Jessica and a Weekend in California

| October 20, 2016

Jessica is a 42-year old wife and mother of 2. She was diagnosed with an aggressive form of breast cancer just over seven years ago and doctors recently declared her with no evidence of disease. As a young woman with breast cancer, she became affiliated with the Young Survival Coalition (YSC) and this year completed her fourth 3-day, 220-mile Tour de Pink across California. I was fortunate to ride on her team, Chi-town Cyclists along with other teammates. 3 days and 220 miles on a bike provides ample opportunity to get to know your fellow riders. A lot of time passes as you pedal to hear about survivor’s experiences and hear from the perspective of supporters/caregivers in their battle against cancer. Along with Jessica were other supporters/caregivers whose families have been touched by this disease. You hear about their concerns, fears, hopes and dreams. Sometimes the questions are more medical related. At the rest stops you meet others who perhaps received chemotherapy a week ago and have ridden a bike farther than they ever have in their entire life.

As I mentioned in a recent post, “Riding a Bike Versus the Hard Part”, all the riders come together for dinner at the hotel for the evening along the ride and stories are shared about respective experiences with breast cancer. Jessica spoke on Friday night to kick off the personal experiences and hers was a story of hope, inspiration and getting through Sunday towards a total of 800 miles for Tour de Pink. She spoke for those who could not speak and the importance of supporting one another and organizations such as YSC having resources to support conferences and programs that provide educational resources and social support for young women with breast cancer. You are once again reminded there are larger obstacles than uphill climbs or busy traffic lanes or car doors flying open at you on a downhill! Along the way the scenery provides a backdrop for the “backstory” on how they were told they had cancer, their first reactions and how they spoke to their children about it. Jessica spoke about being told at work, calling to be picked up after hearing the news over the telephone and assembling her family and friends to start to process the information and think about the weeks leading up to surgery and the weeks after.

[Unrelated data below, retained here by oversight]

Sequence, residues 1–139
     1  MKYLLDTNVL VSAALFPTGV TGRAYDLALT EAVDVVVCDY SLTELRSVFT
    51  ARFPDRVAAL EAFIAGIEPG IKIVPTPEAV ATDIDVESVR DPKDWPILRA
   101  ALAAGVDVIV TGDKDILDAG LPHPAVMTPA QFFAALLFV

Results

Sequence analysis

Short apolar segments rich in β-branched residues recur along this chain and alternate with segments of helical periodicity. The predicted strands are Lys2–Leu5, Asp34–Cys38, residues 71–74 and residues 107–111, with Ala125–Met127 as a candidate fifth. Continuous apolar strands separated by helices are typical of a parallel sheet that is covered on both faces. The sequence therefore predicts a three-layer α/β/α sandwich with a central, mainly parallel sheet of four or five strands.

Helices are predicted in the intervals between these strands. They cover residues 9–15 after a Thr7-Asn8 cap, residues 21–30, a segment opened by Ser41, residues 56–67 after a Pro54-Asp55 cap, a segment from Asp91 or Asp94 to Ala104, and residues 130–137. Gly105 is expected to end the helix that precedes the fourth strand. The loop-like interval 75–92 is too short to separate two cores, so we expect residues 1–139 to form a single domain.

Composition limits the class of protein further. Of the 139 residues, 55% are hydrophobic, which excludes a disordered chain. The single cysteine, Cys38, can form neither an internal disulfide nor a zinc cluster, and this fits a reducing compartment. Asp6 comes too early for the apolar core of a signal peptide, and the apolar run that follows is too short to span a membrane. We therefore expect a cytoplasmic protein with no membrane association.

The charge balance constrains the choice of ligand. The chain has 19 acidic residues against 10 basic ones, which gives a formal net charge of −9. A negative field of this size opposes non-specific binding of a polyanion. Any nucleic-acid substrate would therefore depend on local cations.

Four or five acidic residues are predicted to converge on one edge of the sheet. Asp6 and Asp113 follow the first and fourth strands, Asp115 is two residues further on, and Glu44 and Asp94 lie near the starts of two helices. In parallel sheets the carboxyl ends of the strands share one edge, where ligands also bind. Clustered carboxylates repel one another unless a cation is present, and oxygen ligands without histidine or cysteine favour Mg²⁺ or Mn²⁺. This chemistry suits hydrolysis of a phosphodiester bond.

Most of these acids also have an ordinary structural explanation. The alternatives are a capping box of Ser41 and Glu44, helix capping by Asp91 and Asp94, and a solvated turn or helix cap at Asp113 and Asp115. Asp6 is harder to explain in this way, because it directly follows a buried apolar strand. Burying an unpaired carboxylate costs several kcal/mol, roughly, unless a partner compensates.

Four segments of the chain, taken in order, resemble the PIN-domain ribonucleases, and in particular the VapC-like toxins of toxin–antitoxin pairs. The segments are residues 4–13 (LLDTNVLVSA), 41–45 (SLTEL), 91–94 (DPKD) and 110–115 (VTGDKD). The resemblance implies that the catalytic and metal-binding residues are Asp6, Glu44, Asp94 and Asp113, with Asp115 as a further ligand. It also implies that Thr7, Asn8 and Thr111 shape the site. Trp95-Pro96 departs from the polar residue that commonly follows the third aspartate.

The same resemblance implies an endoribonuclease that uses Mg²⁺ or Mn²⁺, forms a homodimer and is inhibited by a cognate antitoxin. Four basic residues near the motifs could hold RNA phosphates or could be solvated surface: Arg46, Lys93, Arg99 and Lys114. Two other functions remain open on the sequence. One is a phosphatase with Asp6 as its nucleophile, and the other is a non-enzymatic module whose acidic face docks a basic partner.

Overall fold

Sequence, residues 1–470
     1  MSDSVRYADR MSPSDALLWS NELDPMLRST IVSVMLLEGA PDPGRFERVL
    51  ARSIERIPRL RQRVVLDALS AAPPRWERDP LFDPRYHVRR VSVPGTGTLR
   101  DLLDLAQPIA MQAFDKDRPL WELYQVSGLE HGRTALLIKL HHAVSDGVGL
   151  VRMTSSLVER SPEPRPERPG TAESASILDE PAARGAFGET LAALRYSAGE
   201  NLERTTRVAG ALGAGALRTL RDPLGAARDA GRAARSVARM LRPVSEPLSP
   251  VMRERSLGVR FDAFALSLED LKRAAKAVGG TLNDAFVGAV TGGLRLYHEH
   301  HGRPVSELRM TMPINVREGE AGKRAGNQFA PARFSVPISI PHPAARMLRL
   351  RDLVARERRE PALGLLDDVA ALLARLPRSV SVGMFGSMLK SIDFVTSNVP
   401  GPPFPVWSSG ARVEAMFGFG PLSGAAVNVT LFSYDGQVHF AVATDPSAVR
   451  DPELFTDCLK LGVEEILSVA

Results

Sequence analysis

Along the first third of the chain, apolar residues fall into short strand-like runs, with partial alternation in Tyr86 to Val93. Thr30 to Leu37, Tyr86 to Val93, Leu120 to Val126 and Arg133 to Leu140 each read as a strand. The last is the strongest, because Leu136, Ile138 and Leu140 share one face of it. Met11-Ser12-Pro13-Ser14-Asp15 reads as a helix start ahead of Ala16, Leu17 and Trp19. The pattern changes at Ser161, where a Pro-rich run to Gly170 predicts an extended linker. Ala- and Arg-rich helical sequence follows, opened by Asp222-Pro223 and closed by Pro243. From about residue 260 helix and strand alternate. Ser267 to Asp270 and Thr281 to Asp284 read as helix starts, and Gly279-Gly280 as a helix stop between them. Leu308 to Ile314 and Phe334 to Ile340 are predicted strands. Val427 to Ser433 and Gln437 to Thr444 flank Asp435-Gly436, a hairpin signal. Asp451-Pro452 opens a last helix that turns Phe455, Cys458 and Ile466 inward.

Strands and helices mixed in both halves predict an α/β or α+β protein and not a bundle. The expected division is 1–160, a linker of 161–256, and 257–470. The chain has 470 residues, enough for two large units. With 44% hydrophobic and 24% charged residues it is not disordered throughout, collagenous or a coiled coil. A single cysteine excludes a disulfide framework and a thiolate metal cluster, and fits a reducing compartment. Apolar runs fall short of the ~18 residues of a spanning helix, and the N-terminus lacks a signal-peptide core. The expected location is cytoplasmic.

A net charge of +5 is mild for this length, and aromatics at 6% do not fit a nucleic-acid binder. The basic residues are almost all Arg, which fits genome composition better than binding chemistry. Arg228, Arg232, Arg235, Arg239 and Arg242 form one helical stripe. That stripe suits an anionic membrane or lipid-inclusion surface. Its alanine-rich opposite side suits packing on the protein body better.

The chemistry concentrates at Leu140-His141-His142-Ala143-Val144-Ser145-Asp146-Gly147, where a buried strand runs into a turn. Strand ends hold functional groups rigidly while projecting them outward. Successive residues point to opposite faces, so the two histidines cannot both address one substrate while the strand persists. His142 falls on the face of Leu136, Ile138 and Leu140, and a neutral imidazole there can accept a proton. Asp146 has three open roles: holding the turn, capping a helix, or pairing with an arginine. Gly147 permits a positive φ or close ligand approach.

yscwestcoastteamThrough it all, Jessica was an inspiration to the entire group and our team. 143 riders with 43 cancer survivors set out on the journey. Three of us set out as a team and were joined by a couple of others, led through Ventura, Malibu, Los Angeles, Long Beach, Camp Pendleton, Carlsbad and Encinitas, among other towns and cities by Jessica and her goal to finish clipped in the whole way towards further raising awareness, funding and support to her fellow riders.

Again, the experience, the ride, watching Cubs baseball with Jessica and other survivors, all hoping to see a World Series, reminds me of the work that I and other pathologists do every day for patients and their families and how critical the decisions we make impact the decisions they make. These experiences have been welcome reminders of why I went to medical school and who we ultimately work for and where our obligations belong. Sometimes I think you can lose sense of that among the numbered slides and cancer reporting templates.

My many thanks to Jessica, John, Dave and Mark for letting me ride along. Hope to do it again next year!

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Category: Anatomic Pathology, Digital Pathology News, Education, Medical Research, Pathology News, Patient Advocacy, Personal

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